How to know when it is time to fire a client
Sunday, January 3, 2016/
Starting the new year by advising small business owners to consider sacking a client may seem a little counterintuitive and perhaps even crazy.
MYOB recently identified attracting new clients as a key pressure point for SMEs, so surely you should be doing everything you can to keep the clients you already have, right?
I love each and every one of my clients. However, sometimes business owners need to take a step back and ensure new and existing customers still fit within their business goals, visions, morals and beliefs.
Working with the wrong clients will not enhance your business. Instead, it will suck away time that you should be spending on the customers that do value you and your services.
Understand that sacking a client is not failure. It is a strategic business decision. It is not a personal decision; it is all about having the right business relationship.
Your clients are the future of your business. They represent your brand out in the marketplace and they are the ones generating your income and hopefully forming part of your sales funnel for new clients. Why would you want clients in that funnel who don’t believe in you or your business?
We all have our own set of beliefs, morals, values and visions. Like attracts like and having clients who are on the same page as you means you will be more likely to attract new clients who already have the same mentality.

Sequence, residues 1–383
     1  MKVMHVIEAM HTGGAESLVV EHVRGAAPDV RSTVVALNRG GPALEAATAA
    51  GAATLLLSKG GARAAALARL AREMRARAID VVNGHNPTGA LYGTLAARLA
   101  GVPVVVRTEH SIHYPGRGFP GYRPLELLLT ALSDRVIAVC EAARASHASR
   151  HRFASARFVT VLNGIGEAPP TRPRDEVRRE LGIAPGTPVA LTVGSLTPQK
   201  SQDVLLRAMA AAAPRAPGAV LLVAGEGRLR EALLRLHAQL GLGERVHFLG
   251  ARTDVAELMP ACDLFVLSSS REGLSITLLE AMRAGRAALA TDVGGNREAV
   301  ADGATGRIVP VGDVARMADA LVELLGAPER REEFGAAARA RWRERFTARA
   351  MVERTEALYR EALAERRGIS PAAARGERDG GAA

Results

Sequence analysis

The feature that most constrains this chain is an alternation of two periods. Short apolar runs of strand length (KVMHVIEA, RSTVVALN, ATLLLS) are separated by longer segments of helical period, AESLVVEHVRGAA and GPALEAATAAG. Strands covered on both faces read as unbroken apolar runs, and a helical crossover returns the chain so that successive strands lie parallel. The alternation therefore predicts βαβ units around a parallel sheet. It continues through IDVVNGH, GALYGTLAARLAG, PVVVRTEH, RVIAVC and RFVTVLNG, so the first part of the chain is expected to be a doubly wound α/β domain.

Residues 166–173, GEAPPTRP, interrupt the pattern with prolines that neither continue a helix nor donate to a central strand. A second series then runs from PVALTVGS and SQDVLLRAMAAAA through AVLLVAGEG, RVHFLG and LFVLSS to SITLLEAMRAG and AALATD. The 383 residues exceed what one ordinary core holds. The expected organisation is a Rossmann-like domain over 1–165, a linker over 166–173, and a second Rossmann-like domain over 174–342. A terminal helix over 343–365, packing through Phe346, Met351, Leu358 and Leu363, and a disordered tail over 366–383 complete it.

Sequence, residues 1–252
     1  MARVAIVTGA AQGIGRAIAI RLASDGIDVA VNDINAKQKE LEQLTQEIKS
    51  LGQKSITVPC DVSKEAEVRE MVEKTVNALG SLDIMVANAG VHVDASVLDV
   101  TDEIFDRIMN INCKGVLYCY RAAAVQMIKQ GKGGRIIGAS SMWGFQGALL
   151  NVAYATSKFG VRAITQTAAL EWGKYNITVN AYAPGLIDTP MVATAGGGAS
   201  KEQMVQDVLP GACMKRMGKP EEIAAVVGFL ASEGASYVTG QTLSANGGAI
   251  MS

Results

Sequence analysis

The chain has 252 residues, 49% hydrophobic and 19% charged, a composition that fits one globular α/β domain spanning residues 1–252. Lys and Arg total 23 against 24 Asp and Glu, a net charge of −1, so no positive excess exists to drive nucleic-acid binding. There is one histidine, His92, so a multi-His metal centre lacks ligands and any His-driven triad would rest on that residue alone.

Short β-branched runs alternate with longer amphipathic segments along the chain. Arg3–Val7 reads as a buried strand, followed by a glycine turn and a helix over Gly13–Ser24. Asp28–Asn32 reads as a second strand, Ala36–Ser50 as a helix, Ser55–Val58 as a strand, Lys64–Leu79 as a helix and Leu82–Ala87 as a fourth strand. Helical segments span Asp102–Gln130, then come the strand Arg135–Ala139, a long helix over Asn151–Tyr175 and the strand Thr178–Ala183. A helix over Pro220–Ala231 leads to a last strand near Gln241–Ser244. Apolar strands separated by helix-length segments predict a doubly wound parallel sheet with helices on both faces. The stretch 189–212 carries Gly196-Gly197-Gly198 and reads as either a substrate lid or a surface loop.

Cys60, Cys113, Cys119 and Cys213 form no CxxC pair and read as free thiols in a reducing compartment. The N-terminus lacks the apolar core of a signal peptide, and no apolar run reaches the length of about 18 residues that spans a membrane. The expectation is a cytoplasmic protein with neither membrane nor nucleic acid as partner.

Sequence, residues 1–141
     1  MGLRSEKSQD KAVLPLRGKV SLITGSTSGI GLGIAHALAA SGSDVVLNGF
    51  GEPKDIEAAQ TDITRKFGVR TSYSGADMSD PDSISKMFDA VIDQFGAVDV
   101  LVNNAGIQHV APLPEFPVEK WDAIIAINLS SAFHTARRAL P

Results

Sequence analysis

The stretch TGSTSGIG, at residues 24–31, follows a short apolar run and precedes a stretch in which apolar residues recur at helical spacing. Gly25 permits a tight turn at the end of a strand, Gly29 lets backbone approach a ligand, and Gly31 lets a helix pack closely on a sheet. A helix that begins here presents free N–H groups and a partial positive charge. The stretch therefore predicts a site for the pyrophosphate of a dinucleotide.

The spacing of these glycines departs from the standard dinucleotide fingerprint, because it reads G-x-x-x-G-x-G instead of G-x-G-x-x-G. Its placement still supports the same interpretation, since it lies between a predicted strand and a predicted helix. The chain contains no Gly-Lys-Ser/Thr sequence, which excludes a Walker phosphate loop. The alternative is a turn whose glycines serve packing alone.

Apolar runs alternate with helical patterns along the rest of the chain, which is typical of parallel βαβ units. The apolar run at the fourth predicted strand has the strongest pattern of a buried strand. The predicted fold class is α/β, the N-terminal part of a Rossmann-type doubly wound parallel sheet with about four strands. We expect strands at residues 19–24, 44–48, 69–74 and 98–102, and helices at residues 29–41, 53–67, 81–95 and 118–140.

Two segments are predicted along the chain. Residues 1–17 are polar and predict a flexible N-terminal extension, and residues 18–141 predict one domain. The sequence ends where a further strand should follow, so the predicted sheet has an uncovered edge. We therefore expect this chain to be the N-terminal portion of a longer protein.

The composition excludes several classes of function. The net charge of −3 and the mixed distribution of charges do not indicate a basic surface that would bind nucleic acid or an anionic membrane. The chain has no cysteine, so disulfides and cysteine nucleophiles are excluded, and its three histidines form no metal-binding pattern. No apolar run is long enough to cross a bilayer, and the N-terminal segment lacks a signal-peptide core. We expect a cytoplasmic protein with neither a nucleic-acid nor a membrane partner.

Having the wrong clients with your business can potentially poison your brand, reputation and following.
The wrong clients also tend to take up the most of your time. While firing a client might mean a reduction in sales in the short-term, it will also free up your time to focus on finding and building relationships with your ideal clients.
That is by far a bigger win in my book.
Four top tips for firing clients:
– If you choose to tell a client they no longer fit with your company, do this in writing
– Give plenty of notice as to when the services will end
– Explain the situation and explain why they would be better off without you. You’re not telling them your services aren’t great. Rather, they aren’t at a point in their business where they are gaining true value from your services
– Refer them to someone else who can help them, so they aren’t left high and dry. By guiding them to someone who is the right fit, there are no hard feelings, the process is not stressful or messy and there is always potential for them to return when they are at the right stage in their business.
Stacey Price is the founder of small business financial advisory firm Healthy Business Finances.
Amantha Imber runs a successful business — but she still has impostor syndrome Amantha Imber Inventium founder
Your future customers: How to crack the gen Z code Simon Slade Affilorama co-founder
Four stupid business decisions that burnt through $1 million Ian Whitworth Scene Change co-founder
Why corporate content will send your customers running Luke Buesnel Story League director
How to write the perfect job advertisement Alex Hattingh Employment Hero chief people officer
How to outshine the millions of websites ranking poorly on Google Adam Rowles Inbound Marketing founder